was getting much-deserved credit for the scripts he
wrote, as well as being recognized as the creator of
Sabrina. Fans now knew his name, and they knew they
were in for a treat when they saw George Gladir’s
name in the credits.

I was very privileged to know George and get to “hang
out” with him. I always thought he immediately bonded
with me after learning that, like him, I was a
transplanted New Yorker living in Southern California
who didn’t know how to drive. We’d often go to the US
Grant on Broadway in downtown San Diego. They used
to have a neat little cocktail lounge off the lobby, and
that’s where we would go for lunch. And, sometimes,
for cocktails. The lounge had red leather booths, a
piano in the corner, middle-aged waiters with
waistcoats, tiny bow ties and even tinier mustaches. It
was very–forgive me! –“Old School.” But George loved
it, as did I.

I learned he was born on the East Coast, served in
WWII, and was even an intelligence agent!  He didn’t
go into much detail about that, though. He’d say,
tounge in cheek, “there still might be people around.”
We talked about growing up in New York, movies, and
of course, comics.

Even though we discussed the comics business,
George was not one to gossip, nor was he one to truly
bad-mouth someone in the business, even though that
someone had done him wrong. Angry? Yes.
Disappointed? Most certainly. But George always
tempered his remarks, no matter how upset he was.
George was a gentleman. And he was quite generous.
He was always ready to pass along knowledge of what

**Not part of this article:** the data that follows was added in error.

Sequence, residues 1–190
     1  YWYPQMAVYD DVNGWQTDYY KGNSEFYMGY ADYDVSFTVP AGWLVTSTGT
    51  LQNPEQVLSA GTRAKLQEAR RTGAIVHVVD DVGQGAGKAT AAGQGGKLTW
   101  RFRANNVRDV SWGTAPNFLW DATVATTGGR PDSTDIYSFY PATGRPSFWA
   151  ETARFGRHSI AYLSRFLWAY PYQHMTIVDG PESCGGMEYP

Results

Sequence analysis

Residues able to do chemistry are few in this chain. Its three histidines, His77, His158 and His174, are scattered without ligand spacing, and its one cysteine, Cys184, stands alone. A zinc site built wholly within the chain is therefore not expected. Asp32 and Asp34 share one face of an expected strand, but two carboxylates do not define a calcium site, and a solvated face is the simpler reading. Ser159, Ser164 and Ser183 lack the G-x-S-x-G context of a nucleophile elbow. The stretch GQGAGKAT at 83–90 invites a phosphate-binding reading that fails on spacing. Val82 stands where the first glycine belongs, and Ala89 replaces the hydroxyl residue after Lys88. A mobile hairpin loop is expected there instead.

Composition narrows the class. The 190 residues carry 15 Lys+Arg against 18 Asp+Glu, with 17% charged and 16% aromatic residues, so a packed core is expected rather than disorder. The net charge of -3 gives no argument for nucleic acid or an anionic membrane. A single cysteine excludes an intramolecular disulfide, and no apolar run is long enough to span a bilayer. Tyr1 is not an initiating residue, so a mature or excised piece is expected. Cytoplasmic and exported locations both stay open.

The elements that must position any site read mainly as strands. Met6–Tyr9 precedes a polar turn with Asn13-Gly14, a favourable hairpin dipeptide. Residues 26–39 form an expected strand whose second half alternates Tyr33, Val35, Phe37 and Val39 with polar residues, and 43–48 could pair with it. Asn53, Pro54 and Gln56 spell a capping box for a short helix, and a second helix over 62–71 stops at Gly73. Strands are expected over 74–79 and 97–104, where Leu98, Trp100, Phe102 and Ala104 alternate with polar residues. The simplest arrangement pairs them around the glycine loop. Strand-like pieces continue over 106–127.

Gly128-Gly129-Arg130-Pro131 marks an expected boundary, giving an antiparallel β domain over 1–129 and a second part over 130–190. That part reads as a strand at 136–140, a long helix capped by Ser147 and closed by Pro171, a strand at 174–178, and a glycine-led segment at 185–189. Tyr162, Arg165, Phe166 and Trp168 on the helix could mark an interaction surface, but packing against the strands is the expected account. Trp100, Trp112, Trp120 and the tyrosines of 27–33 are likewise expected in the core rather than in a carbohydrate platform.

he had learned as a writer, to encourage a newcomer
or to offer sage advice to a fellow professional.

I was impressed that George was not one to rest on his
laurels or to coast on a steady gig; no, George was
always looking ahead. He saw that comics were now
part of a multi-media mix. He also saw opportunities to
own new characters he created. He told me of ideas he
had for several new comic book series that were just
wonderful. Ideas in which he wanted to reunite with
previous collaborators like artists Orlando Busino and
John Severin.

One such idea that George got into print was Cindy
and Her Obasan, which incorporated George’s
penchant for the Japanese culture, rock ‘n roll, and his
knack for parody by giving Cinderella a 21st century
twist. And it reunited George with one of his favorite
collaborators, the great Stan Goldberg.

I thought they did a terrific job. But George was not
satisfied. He knew it could be better. And he continued
to develop his new character and tweak the concept.
There was some good reaction to Cindy, some stalled
starts, some failed promises. But George was not going
to let that get him down. He was relentlessly upbeat
and positive. He never stopped working on his new
characters, nor did he ever stop believing in them.
He went back to work and forged ahead.

George led by example. And his example, I believe,
was to learn from the triumphs and tragedies in life,
and be prepared to move ahead. Appreciate what has
gone before, but always look forward.

I think George would be honored and, maybe, more
than a little embarrassed by the outpouring of heartfelt
tributes that have appeared since his passing. I know I’
m not alone when I say that my life have been richer for
knowing George. And I know I speak for everyone
here, and for all of George’s friends and fans around
the world, when I say to Mary, Nina and John that you
have our deepest condolences for your loss. We all
loved George and we’ll miss him immensely. But we
can take heart that he’ll never really be gone. George
leaves behind a wonderful body of work that will
introduce him to new generations, work which will no
doubt delight and capture the imaginations of the
proverbial children of all ages.

Thank you.
1925 -2013
in memoriam